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Stephen Wolfram — On Language, Quantum Theory and Time

Source: The Tim Ferriss Show on Spotify

Why Listen To This?

  • Stephen Wolfram (@stephen_wolfram) is the creator of Mathematica, Wolfram|Alpha, and the Wolfram Language; the author of A New Kind of Science; the originator of the Wolfram Physics Project; and the founder and CEO of Wolfram Research. Over the course of more than four decades, he has been a pioneer in the development and application of computational thinking and has been responsible for many discoveries, inventions, and innovations in science, technology, and business.


  • ‘18 – On Computational Language:
    • People come up with abstract ways to describe things.
      • Language is an example of that.
    • Mathematics/computation is a way to describe things structurally.
    • Computational language can be understood by both humans and computers.
    • Basically, it refers to a structural way of talking about the world and metamodeling of that i.e. breaking it down that into simpler elements and seeing what one can do with those.
  • ‘26 — On Language
    • Language is a representation of organized human thoughts/culture.
    • It cannot be translated word-by-word for every language as languages are bound by shared cultural understanding.
  • ‘29 — On Translation
    • The destination mind isn’t necessarily built the same way as the source mind.
    • Eg → take 2 Neural Net systems that are used to distinguish between cats and dogs.
      • The internal methods by which they do it might be different.
    • Eg → Similar to the above case, brain-to-brain transfer of thoughts can be difficult as the internal translation methods may be different from person to person.
    • Language helps to formally repackage thoughts so that they can be transferred and understood by people familiar with the language.
  • ‘54 — On Quantum Mechanics:
    • In the quantum view of the world, it isn’t the case that definite things happen.
    • The ball goes on many different possible trajectories. We, as observers of what happened, get to sample across those possibilities and just get to say, “Oh, there was a certain probability that this would happen. There’s a certain probability that would happen.”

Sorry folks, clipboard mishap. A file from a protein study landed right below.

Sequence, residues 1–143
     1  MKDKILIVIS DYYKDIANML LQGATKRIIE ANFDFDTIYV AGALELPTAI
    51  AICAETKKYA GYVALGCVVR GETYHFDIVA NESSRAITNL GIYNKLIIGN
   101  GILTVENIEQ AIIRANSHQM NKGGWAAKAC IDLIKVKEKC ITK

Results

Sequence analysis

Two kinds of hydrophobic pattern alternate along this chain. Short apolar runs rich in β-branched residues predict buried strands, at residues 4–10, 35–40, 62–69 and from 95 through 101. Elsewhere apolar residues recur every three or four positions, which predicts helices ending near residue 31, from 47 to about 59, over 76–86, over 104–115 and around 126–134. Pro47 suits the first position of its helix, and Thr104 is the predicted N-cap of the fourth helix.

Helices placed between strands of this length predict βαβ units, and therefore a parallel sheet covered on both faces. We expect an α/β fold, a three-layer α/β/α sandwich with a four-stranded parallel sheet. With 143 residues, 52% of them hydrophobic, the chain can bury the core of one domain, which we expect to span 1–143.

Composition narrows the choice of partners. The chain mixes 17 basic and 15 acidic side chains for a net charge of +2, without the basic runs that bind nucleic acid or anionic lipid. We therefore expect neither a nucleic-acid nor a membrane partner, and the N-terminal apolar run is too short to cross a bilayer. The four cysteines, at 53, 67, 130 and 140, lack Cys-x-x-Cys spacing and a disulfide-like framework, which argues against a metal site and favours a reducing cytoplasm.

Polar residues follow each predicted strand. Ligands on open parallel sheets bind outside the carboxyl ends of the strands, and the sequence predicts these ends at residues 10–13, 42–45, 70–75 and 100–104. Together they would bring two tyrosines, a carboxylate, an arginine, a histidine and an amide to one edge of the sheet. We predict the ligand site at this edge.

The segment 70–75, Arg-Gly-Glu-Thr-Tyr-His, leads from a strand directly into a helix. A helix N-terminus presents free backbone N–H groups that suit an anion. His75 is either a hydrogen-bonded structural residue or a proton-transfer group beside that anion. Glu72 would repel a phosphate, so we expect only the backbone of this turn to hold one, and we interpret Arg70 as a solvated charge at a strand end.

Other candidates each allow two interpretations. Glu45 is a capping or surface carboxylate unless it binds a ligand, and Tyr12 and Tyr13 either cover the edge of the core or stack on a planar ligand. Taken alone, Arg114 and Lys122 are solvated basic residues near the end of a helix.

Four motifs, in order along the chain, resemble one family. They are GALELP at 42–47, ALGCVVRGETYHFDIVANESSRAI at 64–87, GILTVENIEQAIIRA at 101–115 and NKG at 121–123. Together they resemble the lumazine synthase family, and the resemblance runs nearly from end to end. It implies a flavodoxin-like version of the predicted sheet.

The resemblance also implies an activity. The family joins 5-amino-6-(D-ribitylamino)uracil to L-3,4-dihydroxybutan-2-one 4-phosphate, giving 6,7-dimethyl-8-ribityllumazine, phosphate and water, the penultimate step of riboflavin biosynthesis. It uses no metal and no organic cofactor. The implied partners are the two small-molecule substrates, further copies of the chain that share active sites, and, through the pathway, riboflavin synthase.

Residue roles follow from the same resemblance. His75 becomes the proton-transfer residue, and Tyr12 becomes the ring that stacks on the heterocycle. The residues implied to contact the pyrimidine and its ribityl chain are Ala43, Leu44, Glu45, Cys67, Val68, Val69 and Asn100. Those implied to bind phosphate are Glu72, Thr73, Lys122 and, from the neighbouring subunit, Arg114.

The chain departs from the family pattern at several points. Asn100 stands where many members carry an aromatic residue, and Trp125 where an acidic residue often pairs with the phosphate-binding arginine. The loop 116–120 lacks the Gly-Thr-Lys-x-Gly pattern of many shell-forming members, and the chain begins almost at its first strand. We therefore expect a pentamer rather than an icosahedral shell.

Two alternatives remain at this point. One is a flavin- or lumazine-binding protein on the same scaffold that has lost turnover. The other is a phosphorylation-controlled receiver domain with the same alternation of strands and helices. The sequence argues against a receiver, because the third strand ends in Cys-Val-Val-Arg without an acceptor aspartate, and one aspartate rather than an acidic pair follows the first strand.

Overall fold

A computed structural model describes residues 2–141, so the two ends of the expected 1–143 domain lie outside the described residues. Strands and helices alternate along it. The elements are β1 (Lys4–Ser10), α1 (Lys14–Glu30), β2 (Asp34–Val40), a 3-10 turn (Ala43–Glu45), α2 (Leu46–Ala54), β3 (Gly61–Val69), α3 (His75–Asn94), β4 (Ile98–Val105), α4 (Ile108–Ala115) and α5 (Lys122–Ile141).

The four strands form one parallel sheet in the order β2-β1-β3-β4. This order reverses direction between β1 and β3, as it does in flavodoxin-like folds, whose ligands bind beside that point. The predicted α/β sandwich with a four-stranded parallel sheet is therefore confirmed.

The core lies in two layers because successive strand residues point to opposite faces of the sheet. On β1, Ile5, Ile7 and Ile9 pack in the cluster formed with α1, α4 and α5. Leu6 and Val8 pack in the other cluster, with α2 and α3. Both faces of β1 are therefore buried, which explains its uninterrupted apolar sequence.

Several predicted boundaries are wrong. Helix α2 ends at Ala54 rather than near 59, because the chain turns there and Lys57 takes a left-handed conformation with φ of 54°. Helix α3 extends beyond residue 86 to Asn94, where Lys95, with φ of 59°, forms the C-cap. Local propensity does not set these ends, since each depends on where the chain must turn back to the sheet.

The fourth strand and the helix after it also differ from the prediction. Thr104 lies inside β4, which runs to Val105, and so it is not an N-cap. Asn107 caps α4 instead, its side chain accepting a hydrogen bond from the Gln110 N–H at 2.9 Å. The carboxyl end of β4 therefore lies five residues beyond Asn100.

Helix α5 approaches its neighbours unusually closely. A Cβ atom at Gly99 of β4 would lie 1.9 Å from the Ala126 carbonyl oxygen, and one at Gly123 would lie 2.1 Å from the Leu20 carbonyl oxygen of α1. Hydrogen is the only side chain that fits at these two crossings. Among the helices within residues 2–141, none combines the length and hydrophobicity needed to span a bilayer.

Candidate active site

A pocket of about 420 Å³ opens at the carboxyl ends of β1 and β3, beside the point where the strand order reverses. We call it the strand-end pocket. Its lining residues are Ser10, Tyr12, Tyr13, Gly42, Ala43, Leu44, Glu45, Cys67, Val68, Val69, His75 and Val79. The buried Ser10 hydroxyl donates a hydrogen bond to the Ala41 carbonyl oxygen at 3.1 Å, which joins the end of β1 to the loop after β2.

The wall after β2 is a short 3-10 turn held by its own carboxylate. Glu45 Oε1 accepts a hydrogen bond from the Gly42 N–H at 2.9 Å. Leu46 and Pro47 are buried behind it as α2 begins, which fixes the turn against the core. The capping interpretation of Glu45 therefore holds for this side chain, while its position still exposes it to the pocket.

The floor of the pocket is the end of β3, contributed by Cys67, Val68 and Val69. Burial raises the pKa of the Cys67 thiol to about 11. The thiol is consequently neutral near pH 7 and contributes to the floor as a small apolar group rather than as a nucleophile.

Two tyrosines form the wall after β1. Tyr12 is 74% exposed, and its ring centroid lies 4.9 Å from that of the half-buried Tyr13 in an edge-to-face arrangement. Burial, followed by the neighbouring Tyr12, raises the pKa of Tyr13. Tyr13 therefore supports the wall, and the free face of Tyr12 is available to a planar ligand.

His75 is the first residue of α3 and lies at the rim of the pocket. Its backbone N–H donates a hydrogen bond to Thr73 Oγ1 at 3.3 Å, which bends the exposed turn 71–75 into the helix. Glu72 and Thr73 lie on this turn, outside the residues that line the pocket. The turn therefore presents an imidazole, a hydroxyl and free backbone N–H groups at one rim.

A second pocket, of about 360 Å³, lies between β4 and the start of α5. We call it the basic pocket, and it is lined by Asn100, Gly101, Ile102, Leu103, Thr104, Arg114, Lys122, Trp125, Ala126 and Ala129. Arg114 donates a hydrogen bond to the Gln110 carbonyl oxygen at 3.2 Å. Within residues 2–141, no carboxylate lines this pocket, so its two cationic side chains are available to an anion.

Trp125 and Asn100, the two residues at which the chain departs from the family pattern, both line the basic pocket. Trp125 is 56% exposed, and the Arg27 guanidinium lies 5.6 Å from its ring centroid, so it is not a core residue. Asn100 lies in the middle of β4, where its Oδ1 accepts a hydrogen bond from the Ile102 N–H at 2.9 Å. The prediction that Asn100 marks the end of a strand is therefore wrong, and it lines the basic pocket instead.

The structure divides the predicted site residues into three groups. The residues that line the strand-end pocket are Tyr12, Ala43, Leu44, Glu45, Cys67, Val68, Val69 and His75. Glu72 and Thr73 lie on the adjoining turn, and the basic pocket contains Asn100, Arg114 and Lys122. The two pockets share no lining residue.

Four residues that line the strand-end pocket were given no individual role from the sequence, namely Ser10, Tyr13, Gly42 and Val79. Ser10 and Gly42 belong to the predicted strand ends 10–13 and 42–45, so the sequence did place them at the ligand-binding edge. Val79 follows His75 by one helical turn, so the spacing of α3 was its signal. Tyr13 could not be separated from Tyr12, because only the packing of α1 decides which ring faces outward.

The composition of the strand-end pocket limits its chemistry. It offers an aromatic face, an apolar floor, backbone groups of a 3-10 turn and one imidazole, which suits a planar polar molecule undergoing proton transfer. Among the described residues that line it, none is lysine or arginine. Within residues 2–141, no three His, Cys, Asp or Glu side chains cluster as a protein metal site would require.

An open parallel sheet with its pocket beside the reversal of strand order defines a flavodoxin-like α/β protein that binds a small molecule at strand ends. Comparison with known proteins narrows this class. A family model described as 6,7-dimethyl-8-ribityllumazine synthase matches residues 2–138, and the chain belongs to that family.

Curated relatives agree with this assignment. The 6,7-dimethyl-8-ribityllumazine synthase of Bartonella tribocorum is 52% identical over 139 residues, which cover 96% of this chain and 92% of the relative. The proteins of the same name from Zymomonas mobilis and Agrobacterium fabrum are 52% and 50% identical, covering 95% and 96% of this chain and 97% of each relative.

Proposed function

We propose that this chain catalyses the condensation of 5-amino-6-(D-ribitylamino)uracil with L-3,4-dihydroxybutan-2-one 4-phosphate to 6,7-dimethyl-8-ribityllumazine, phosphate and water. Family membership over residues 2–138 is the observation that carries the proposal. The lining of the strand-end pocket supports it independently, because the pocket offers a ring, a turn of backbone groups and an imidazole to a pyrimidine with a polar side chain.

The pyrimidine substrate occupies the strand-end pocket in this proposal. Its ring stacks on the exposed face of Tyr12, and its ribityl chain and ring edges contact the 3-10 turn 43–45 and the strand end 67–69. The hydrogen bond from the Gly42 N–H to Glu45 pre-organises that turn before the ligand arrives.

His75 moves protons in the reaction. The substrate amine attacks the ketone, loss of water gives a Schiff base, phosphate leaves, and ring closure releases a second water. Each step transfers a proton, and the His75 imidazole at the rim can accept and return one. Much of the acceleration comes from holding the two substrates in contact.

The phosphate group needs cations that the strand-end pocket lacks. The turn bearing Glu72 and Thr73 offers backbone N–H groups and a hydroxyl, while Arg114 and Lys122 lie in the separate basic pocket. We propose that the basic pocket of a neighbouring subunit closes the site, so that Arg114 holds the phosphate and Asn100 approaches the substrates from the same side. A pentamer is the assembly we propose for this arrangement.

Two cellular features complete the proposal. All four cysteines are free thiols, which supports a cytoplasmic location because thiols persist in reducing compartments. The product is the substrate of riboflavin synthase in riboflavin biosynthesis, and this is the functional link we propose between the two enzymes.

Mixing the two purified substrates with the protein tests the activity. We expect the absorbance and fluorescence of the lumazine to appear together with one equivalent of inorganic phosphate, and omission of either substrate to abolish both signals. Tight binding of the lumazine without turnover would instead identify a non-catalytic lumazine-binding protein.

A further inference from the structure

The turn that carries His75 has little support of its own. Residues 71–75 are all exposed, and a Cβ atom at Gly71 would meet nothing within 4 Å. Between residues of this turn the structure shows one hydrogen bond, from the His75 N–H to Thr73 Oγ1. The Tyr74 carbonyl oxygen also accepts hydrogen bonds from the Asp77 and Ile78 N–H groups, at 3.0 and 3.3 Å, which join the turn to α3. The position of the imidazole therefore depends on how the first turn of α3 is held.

• When you model it, it’s like a giant network that represents the universe and it is continuously being rewritten according to some rule.
      • There may be different possible rewrites, which if done, can become different threads of time.
      • These threads may branch to form different things or may merge to end up producing the same universe.
      • So you end up with this whole complicated structure of branching and merging of possible histories for the universe.
    • How do we perceive this quantum world?
      • We ourselves are embedded in this branching universe. So our minds are branching just like everything else in the universe is branching.
      • The core question in quantum mechanics is how does a branching mind perceive a branching universe?
        • We believe that we are persistent in time. i.e. even though the universe is branching like crazy, we believe that our minds are going through a single thread of experience.
        • But we so know, actually, those are all in some sense the same thing, because that’s what we have to believe in order to have this conceit that we have a definite thread of experience.
  • ‘57 — On The Concept of The Ruliad:
    • Ruliad refers to a computational process that runs all possible rules.
    • Imagine you have multiple computers starting a computation at multiple starting points. Sometimes those computers will end up producing something that has the same structure.
    • It is the entangled limit of all possible combinations.
    • There is only one limit. Ruliad is like a necessary object.
  • ‘64 — On Time:
    • What is time?
      • The universe is in one state. Then it transforms to form another state. That progressive process of transformation is the process of time.
        • Time is the inexorable progress of computation.
      • Now, in most of the universe, time is just progressing. It’s just as the universe is sort of updated, so that corresponds to the passage of time. Now, we are part of the universe, so we are being updated too. If the universe just stopped, we wouldn’t know it had stopped because we’d be stopped too.
        • One place that happens is at the center of a black hole where there is the space-time singularity(the place where time stops).
        • And so in our model of physics, what’s happening is this universe is being updated, this network is being updated, being updated, but if you’re at the center of the black hole, it just stops. There’s no more update that can be applied.
        • We humans normally only perceive one thread of time. I’ve sort of wondered whether there’s some trance that people can go into that’s kind of a multi-way trance, where they actually have multiple threads of experience that are going on at the same time.
        • But in quantum mechanics, there are multiple possible threads.
        • And so for example, when people talk about making quantum computers, the big thing that one hopes for is that one can use these multiple threads of history to each run a different computation, and so then, you can do all these things in parallel.
        • In terms of people’s perception of time, it is this process of, we are undergoing these computations, our minds are undergoing these computations, and so is the rest of the universe.
Shreesha S
Shreesha S

Shreesha is a Qualified Certified Management Accountant(CMA) and Certified in Strategy and Competitive Analysis(CSCA).

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